That made sense.
Anyway, my philosophy about teaching in the SCA is that I've volunteered my services to take an hour (or three) of people's time, and I owe it to them to provide a full teaching service, as it were. This includes a handout that will still make sense and still be useful six months later when the person has unearthed it from the bottom of their basket. My handouts are an extension of my classes.
I feel very strongly about this, but even so, I'm always kicking myself two weeks before I teach, scanning the last of the pictures I need, and cataloguing the books I've used, and wondering why I didn't start sooner, since I put roughly 10 hours into the preparation of each class, sometimes more (especially if I'm giving out patterns as part of the handout). Fortunately, teaching three classes at a single University (as I am at this next one) allows me to consolidate my time scanning, etc., and I am not behind schedule right now.
(Hence this rather self-involved post. I haz time!)
I really like making a full handout, because even though I load my classes onto my web site, I can't include all of the pictures I like to use. In a handout, they fall under Fair Use, but on my web site, they're up there in all their permanent digital glory, and I need to get permissions to use them. For museums, this isn't too hard, since I can usually link, but if the picture is from a book, I don't like posting lots of pictures, since that's stealing from the author. Anyway, that's my personal thing; in handouts I like to use lots of pictures because they're cool.
So - pictures. It's pretty easy to slap together a handout that consists of nothing but a couple of photocopied pages of pictures, but that only gets you so far. I'm not knocking the teachers that do it, I'm just saying that a handout that's clearly arranged and informative will provide information for a lot longer. When I write, my handout is a cross between a sales brochure (I'm selling you on why it's cool to care about this stuff), history lesson, and practical lesson. It is a little more complicated than a high school essay, and less complicated than an academic thesis. This keeps it not only accessible to everyone, but it means I don't kill myself writing a tome when I could be using those valuable hours to embroider.
I'm just sayin'.
So - I start by writing my outline, which is literally a list, with sub-lists, of everything I want to communicate, like so:
Left-Handed Widgets in 16th Century London
Intro - basic history
- timeline of using widgets
- overview of what I'm talking about
Part I - The Left-Handed Widget Trade
- When widgets came to London
- who made widgets?
- who used widgets? Why?
- the second-hand widget trade
Part II - Making Left Handed Widgets
- materials you need
- widget carver
- small, but bad-tempered hedgehog
- protective gloves
- instructions for making your widget
- step 1 - pacify the hedgehog
- step 2 - carve the widget
- Step 3 - Profit!
Part III - Resources
- where to buy widget supplies
- what kind of band-aids you will need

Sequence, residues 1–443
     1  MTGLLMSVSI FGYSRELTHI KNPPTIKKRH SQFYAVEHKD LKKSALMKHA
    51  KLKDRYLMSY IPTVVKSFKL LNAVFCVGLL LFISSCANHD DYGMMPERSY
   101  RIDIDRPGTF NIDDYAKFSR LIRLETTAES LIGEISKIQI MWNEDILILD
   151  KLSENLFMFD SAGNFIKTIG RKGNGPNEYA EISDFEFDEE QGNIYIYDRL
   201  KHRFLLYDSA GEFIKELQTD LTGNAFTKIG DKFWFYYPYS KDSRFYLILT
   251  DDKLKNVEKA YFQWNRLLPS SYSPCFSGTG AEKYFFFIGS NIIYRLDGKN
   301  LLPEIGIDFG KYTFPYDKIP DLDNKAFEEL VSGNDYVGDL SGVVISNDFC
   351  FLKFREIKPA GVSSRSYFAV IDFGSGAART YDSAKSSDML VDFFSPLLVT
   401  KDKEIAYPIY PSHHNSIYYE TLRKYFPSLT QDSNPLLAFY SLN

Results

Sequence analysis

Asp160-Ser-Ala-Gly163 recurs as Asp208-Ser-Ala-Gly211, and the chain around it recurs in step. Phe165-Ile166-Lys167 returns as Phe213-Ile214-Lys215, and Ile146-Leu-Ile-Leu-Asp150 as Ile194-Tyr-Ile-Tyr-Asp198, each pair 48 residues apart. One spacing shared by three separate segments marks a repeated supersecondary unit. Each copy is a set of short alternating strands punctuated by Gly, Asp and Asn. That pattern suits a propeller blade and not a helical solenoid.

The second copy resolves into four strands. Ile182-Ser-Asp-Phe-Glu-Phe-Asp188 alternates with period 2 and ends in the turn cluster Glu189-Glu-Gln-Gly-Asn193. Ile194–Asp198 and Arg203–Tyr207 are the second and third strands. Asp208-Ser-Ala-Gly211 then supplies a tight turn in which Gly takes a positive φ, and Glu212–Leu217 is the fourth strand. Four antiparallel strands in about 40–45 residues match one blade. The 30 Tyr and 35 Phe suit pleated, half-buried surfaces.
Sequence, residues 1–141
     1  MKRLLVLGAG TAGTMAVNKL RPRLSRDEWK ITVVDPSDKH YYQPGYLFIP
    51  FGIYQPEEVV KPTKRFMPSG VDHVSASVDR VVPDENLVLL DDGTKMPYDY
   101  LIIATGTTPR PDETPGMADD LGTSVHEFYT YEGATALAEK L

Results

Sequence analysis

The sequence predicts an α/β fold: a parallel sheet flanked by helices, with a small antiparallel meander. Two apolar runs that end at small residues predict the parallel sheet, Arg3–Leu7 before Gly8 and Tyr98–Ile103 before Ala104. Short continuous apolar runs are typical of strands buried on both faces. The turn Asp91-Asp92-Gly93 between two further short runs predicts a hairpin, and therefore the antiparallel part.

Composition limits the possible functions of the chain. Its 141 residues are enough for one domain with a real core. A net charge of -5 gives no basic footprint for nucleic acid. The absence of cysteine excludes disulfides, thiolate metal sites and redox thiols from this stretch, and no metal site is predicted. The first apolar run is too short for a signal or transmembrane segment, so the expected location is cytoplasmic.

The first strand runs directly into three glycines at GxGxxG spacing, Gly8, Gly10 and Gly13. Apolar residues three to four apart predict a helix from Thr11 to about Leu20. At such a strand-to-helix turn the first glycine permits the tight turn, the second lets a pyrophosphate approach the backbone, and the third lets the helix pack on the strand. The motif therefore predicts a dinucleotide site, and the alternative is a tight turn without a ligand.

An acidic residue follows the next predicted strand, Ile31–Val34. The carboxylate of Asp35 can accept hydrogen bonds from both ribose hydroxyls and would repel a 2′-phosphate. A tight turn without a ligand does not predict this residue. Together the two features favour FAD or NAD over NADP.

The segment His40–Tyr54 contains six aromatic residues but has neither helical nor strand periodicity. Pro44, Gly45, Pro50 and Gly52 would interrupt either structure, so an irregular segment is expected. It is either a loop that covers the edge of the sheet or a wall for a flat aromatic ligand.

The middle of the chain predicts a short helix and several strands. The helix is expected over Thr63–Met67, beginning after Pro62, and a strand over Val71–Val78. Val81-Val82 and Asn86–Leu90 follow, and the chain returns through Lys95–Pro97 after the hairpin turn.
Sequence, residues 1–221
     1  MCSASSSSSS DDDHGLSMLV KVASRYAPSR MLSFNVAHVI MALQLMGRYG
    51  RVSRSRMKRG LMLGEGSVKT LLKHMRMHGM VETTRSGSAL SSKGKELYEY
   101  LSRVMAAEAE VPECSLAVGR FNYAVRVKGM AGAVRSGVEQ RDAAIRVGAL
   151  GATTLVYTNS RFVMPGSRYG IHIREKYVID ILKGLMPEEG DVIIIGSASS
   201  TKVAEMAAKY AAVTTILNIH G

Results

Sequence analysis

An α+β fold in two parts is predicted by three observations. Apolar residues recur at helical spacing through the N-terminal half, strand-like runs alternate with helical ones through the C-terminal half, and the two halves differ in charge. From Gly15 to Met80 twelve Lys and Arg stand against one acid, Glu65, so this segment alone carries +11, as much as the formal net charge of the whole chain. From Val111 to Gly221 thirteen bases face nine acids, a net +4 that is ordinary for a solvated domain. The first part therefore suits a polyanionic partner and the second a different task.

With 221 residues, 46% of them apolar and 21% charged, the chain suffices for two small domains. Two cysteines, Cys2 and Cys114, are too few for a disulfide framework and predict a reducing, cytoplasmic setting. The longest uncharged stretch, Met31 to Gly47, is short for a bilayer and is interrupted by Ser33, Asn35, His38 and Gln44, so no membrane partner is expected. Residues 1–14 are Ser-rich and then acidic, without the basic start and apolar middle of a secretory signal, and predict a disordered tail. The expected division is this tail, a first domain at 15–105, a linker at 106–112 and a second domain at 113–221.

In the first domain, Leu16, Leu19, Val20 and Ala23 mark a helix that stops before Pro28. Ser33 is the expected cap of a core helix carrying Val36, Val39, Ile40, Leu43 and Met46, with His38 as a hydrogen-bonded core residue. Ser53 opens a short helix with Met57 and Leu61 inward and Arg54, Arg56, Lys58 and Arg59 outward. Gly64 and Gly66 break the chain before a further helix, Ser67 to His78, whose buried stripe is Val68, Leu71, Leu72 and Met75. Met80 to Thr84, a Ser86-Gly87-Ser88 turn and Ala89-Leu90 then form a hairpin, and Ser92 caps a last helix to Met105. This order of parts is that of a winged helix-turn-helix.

- local hedgehog rescues
This outline is literally the class. Once you have the outline planned, the writing becomes a lot easier, because you now know what you want to say, and where in your handout it will go. Your handout also provides things that you don't need to put into your hour of teaching, like which books you used, and lists of resources. It's there to remind your students of everything you said, and, in a pinch, can help you keep your class organized. You know where you're going, the class can follow easily.
One of the pitfalls of handout writing is going off on tangents - you've got cool pictures you want to use, even if they're not entirely about your subject, or you get sidetracked into describing the Right-Handed Widget Wars of 1620 in Germany. Stay on target! Even though side information can be cool stuff, you don't want to overwhelm your class or your handout with too much random information. You'll get resentful that your handout is taking so long to write, you'll leave out some vital information, the hedgehog gets out of its cage, and all hell breaks loose.
No-one wants that to happen.
Also, keep track of your pictures. I always make sure I know which book they came from, so if, in the middle of writing, I need to find it again to check a piece of information (such as where the picture is to be found), it's easy to locate. Nothing pisses me off more than wasting time searching through my books for a picture... I know what the book sort of looks like... did I put it back in a box? Argh. Your students really do want to know this stuff, and sometimes, you've unearthed exactly the picture they're looking for, and if they can't work out where you found it, they'll be sad. Sad students are a bad thing.
Actually, I keep all my books out in a pile until the handout is done and printed. It means the library is a bit messy for a bit, but it's better than screwing something up because I was too lazy to go unearth the book again.
So, that's my method. It has quite a bit of madness in it, but it works. Really, the most important thing for me is making a good outline - once I have that, the rest flies by, and I'm doing layout and final drafts before I know it. Oh, that reminds me - I like the method of putting the pictures next to the relevant paragraph, but not everyone does. As long as your students can tell which picture goes with what information (clues like "see fig.3" help), it's all good.